Saturday was a glorious day. Really warm for the time of year. We went for a wander on the beach after breakfast, and Chris decided to write Alice’s name in the sand. He and Charlotte did that and we took photos from above afterwards. It felt really special.

Alice-sand

We had lunch in a cafe and wandered around a few shops before another break for coffee/babyccino. Charlotte wanted to buy a rubber duck to take to Alice’s grave, so we found one of those and also bought cards for Alice.

At teatime, we went to the Bridlington Spa to see Seussical the Musical. It was good fun and we all enjoyed it. We didn’t get back to our B&B until nearly seven and had a quiet evening in our room.

Sunday arrived and I found I didn’t feel as wretched as I’d anticipated. We went back to the beach. The day was crisp and windy though still sunny. It felt right that it wasn’t as perfect as the previous day. I felt quite strong, somehow. I don’t normally use that word to describe myself and I certainly would never use its opposite, but it’s the only word I can think of to convey how I felt. Chris and Charlotte went right up to the sea whilst I sat on some steps and just thought about Alice, and about Charlotte and Chris too. We picked some stones to decorate later.

It felt so strange thinking a whole year had passed, yet it felt like no time at all in some ways. After an hour or so, we went for a quick wander along the seafront then went for ice cream in a cafe before setting off for home.

At some point, I took this picture of Charlotte.

CEH

In the afternoon, we went to the cemetery and took our rubber duck, flowers, our stones and cards to the cemetery. It was lovely to see some flowers had already been taken, plus a stone my sister had decorated.

cardandduck cards flowers

When we got home Charlotte and I decorated a cake which we lit after our meal.

cake cakelit

We also lit candles and listened to the music from Alice’s funeral. This was the most moving part of the day for me The first piece of music, a lullaby, really hit me as I remembered walking into the Minster on the day of the funeral and I particularly thought about Chris carrying Alice’s tiny coffin. However, listening to the music was a joyous experience.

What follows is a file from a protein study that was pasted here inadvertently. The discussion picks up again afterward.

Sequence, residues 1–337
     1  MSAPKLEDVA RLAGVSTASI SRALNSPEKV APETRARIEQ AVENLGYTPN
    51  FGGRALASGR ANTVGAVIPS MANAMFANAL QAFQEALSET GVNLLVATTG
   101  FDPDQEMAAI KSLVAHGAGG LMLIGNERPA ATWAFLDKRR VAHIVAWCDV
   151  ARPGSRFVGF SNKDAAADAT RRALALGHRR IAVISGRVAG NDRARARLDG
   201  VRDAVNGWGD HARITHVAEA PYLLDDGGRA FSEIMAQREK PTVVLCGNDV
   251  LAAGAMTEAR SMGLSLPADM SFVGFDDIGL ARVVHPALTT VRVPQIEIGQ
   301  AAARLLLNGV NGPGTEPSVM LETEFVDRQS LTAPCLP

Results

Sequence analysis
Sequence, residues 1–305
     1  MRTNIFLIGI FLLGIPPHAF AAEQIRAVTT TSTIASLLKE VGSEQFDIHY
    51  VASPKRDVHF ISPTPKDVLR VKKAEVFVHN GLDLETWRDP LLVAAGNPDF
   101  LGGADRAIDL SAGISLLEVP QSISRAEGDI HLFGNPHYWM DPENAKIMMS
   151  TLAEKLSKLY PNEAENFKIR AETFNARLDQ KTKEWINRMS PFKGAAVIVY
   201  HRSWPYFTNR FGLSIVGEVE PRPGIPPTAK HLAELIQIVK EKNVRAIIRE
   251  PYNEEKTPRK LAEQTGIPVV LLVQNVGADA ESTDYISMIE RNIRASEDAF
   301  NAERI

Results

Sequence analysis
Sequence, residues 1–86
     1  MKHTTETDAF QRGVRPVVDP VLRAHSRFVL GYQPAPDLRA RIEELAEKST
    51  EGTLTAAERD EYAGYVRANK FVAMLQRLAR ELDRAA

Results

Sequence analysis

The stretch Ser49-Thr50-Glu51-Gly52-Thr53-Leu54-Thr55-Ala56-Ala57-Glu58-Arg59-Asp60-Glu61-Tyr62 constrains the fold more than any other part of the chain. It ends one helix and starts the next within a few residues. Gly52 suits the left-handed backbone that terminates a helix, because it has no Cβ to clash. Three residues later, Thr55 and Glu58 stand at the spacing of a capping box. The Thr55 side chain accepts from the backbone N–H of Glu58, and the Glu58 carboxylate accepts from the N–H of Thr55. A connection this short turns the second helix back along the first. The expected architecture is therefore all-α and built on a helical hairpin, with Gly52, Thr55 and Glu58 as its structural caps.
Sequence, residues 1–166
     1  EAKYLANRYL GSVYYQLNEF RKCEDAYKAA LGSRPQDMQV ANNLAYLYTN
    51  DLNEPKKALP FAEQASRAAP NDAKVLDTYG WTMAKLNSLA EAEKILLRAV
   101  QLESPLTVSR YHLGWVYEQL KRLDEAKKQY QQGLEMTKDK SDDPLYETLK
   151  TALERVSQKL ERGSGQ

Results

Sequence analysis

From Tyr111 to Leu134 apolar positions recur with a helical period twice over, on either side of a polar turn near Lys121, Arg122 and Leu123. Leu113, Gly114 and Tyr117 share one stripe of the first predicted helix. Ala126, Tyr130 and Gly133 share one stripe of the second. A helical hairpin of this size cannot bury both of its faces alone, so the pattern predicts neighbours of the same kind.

candle

After the weekend, I didn’t feel any “better” but I did feel some relief that we’d got past such a big milestone. We were very pleased that people thought about Alice and thought about us, and it was lovely to receive cards, chocolates, flowers and messages from some lovely people. It is incredible that someone so tiny, who lived for such a short time, continues to impact on not only our lives but others’ too. Our love for Alice will never fade and there will always be a gap in our lives and our home where she should be.

Father’s Day

As Father’s Day is this Sunday, my thoughts turn to my husband and all the other dads who have lost children, and I can’t help but think about the differences society seems to have towards grieving mums and grieving dads. A few months ago, I wrote about Mother’s Day in the days leading up to it. I remember seeing several posts on social media offering support to mums in my position in the days before that Sunday. So far this week, I’ve seen two links to articles about Father’s Day. It seems strange to me that men don’t appear to get the same consideration as us women. Even though it’s 2015, and things have definitely moved on from the days when parents who lost babies weren’t even able to see their precious child, there still seems to be the feeling that men have to be strong, have to “look after” their wives and girlfriends. Frankly, it’s bull.
I am very pleased that our local Sands group in Hull has arranged a memorial service on Sunday; organised by a lovely lady who does it every year because she knows the dads are often overlooked.
I feel angry that we’re going to that service, though. This afternoon, I walked past a woman carrying a baby who looked so cuddly. It took my breath away for a moment. Later, I saw my husband holding our friend’s baby, and I was reminded again of how brilliant he is with babies, how naturally he holds them and comforts them, and my thoughts turned to what has been ripped away from us. Alice should be here. She’s never coming back, and we have to live with that knowledge.